In consistence with its initiatives to streamline business, JPMorgan Chase & Co. (JPM) recently entered into a definitive agreement with Mercuria Energy Group Limited to vend its physical commodity trading business for $3.5 billion. The deal is expected to close in third-quarter 2014.
Wall Street biggies like JPMorgan often seek avenues, apart from the traditional lending business, to reap profit. Commodity trading was one such channel that was popularized in the pre-crisis days.
However, tightened regulations following the financial meltdown hampered the flourishing business. Major banks like JPMorgan are now required to maintain higher level of reserves to cushion possible losses in the commodity market. Moreover, the amount of raw material/energy resources held by these banks is subject to the Federal Reserve’s scrutiny.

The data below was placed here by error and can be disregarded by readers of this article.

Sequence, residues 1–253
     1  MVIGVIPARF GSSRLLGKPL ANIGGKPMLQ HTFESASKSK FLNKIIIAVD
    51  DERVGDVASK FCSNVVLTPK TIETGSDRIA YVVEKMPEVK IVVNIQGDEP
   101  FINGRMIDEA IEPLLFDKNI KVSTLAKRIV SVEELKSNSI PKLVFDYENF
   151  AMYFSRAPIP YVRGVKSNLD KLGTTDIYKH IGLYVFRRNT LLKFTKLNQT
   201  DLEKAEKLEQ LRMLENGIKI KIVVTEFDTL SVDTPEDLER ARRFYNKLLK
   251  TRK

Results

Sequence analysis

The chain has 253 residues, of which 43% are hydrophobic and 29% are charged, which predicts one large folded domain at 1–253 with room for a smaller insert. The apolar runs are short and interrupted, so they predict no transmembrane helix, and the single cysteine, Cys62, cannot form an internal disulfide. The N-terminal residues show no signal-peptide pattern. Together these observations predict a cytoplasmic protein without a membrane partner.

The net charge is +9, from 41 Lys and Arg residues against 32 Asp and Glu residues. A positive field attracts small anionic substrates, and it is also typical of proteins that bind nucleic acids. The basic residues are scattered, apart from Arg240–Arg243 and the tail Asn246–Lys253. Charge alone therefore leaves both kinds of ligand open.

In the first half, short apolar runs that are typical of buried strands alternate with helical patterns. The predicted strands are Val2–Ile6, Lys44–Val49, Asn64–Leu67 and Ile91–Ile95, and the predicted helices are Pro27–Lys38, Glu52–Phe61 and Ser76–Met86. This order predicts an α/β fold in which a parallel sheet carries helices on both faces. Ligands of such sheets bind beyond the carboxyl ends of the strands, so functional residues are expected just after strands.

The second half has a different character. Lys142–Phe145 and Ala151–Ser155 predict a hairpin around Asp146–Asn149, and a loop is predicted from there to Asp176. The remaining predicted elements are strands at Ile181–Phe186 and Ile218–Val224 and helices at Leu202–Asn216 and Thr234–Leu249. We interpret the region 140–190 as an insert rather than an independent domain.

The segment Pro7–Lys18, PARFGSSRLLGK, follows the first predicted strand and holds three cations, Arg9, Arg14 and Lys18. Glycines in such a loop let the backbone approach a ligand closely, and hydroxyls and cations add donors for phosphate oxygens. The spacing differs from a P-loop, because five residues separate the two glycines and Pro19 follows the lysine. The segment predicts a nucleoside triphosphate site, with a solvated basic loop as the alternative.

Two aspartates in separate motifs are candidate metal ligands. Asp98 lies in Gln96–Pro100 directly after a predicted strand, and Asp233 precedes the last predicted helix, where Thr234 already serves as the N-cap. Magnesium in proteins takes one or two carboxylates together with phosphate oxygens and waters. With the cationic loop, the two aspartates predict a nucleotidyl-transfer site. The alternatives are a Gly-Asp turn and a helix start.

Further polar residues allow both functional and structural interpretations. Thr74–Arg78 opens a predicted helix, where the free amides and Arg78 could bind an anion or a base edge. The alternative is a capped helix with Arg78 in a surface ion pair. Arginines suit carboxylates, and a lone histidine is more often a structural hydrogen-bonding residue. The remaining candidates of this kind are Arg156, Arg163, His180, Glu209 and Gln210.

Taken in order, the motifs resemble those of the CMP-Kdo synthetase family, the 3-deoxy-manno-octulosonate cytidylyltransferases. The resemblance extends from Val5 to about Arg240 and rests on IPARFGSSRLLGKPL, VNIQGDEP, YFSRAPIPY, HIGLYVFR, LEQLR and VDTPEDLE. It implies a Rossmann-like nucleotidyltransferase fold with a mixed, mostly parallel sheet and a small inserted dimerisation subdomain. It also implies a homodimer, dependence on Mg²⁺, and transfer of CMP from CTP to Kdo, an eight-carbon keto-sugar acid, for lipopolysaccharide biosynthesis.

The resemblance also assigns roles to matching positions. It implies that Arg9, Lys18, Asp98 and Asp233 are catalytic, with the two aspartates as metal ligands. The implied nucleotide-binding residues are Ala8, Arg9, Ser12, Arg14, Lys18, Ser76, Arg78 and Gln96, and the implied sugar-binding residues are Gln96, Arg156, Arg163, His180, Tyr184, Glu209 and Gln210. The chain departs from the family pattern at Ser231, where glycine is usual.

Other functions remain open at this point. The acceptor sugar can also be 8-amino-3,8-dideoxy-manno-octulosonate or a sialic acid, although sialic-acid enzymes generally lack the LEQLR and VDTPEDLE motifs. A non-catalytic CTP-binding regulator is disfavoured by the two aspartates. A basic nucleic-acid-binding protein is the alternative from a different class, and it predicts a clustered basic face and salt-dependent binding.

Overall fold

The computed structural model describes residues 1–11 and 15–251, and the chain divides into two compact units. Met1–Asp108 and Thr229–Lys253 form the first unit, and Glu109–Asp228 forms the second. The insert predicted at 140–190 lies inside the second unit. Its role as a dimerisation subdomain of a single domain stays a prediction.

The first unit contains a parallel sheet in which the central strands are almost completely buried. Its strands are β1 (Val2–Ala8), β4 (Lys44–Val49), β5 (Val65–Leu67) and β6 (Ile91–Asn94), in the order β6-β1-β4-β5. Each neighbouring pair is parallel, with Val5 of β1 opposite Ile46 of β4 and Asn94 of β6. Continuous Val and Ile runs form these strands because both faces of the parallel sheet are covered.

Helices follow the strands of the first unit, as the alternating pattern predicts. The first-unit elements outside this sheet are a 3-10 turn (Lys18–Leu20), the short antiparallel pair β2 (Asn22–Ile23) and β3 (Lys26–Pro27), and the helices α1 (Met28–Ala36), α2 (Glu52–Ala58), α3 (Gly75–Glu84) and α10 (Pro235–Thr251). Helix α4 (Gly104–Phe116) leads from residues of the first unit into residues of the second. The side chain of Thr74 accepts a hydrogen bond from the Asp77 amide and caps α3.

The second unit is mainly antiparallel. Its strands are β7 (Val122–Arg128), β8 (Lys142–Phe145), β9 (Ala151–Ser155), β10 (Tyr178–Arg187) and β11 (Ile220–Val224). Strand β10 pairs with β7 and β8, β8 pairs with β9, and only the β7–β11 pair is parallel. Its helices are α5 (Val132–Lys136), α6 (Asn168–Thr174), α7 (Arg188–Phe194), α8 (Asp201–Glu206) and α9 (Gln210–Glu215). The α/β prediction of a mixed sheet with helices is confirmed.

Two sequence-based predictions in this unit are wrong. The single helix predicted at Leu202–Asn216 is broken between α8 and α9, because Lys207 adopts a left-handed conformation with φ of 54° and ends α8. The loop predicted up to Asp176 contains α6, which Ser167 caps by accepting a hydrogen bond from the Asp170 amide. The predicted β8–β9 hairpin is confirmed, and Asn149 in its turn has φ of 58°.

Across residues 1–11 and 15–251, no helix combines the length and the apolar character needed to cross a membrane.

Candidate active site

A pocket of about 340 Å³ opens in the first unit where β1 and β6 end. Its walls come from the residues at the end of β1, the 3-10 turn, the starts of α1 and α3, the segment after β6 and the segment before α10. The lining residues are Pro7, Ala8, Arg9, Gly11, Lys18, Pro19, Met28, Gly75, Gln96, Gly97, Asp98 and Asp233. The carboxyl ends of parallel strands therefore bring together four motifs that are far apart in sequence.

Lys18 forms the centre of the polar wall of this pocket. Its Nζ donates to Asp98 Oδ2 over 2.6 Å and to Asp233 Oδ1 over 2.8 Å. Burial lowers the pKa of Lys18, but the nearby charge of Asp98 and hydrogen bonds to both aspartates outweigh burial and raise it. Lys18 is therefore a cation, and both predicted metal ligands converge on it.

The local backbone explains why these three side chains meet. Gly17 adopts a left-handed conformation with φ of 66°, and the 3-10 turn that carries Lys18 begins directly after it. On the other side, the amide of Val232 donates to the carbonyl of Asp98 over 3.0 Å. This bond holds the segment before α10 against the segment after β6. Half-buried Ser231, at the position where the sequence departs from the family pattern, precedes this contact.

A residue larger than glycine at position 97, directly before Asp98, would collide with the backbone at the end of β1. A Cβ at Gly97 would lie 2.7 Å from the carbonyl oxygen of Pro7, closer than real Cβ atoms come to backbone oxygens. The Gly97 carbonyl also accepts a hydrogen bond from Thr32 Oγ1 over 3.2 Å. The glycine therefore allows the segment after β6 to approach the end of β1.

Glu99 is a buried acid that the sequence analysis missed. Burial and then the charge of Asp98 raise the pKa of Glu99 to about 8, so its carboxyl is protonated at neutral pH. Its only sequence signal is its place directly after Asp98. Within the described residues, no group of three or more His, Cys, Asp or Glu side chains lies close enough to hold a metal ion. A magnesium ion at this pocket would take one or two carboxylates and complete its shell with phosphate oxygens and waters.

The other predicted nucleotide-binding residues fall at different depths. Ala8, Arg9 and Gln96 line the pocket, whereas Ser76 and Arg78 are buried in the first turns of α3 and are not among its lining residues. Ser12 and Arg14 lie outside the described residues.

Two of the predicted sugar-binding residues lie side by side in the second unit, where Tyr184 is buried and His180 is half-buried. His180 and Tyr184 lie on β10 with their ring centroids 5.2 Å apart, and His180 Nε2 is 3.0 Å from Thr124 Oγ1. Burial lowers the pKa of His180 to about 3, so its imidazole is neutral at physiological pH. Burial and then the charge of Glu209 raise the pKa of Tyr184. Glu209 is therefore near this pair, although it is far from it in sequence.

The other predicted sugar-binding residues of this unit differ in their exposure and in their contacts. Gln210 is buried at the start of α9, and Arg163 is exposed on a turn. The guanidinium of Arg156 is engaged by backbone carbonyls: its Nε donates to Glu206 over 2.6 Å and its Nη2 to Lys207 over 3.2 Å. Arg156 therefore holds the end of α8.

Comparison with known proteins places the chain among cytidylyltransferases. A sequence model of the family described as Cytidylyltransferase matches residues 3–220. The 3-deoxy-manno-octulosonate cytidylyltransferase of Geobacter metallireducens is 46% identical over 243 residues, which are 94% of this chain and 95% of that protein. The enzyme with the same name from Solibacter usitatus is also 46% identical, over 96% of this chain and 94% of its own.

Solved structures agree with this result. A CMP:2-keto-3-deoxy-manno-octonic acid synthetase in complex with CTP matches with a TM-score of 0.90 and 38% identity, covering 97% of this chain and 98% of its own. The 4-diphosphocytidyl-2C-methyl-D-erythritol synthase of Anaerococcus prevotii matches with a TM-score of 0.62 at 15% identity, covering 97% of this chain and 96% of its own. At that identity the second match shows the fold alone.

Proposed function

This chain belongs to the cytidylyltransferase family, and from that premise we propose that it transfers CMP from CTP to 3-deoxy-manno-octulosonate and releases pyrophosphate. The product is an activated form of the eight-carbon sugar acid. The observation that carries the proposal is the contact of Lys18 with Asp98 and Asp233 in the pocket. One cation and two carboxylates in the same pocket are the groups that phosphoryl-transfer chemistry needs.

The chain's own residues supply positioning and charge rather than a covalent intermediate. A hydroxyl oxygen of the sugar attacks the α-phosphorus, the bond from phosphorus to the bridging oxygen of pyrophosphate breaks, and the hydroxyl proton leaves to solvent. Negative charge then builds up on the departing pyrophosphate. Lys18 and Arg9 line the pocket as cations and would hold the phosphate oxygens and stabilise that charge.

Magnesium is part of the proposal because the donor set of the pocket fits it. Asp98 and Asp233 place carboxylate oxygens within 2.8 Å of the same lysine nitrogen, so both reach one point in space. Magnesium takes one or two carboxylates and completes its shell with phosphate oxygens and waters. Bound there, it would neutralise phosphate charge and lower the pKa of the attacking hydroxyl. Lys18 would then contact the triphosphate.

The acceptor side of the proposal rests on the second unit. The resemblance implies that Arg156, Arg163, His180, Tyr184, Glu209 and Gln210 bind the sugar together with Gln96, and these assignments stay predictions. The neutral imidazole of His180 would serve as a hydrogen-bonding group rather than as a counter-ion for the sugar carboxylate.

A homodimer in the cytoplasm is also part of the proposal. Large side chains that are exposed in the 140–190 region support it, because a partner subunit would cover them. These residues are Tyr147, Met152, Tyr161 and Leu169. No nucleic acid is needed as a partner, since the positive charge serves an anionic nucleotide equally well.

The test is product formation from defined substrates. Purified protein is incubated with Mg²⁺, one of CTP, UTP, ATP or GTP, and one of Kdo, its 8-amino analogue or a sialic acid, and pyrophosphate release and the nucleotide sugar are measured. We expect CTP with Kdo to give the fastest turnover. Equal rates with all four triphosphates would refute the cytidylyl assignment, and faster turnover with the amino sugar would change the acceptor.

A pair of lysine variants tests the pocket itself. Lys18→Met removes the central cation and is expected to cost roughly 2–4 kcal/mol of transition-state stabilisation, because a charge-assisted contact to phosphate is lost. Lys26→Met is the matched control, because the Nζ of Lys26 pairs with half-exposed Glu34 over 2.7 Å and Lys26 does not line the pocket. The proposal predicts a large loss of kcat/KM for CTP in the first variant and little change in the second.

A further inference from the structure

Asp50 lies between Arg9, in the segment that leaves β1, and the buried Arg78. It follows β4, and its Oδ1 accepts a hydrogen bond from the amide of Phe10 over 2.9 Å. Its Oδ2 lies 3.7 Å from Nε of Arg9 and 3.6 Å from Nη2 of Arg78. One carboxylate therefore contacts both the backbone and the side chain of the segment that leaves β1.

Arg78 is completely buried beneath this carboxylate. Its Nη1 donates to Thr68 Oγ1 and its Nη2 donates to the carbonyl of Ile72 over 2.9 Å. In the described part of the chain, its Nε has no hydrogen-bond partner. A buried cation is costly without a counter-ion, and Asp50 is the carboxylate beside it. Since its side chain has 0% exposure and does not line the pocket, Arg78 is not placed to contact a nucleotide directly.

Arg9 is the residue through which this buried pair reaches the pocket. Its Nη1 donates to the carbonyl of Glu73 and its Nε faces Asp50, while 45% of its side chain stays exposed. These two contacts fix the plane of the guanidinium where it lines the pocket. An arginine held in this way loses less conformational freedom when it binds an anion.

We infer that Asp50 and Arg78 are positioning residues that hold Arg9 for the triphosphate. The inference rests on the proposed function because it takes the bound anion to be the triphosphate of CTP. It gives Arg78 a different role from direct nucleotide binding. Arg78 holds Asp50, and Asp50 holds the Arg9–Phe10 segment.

Amid such a scenario, JPMorgan has been grappling with litigation issues as well. The banking behemoth paid hefty settlement fines that significantly weighed on its profitability. Therefore, the company’s latest move to dispose the units that could have incurred legal as well as regulatory expenses in the future seems justified.
The market conditions have also been unfavorable with commodity prices witnessing a persistent downtrend. Moreover, with the rising demand for renewable energy resources, non-renewable energy assets are fast losing value. JPMorgan’s commodity trading revenues declined at a CAGR of 9.8% over the last 3 years (2010–2013).
Apart from JPMorgan, Bank of America Corporation (BAC), Morgan Stanley (MS) and Deutsche Bank AG (DB) have plans of exiting their commodity trading business.
At present, JPMorgan has a Zacks Rank #3 (Hold).
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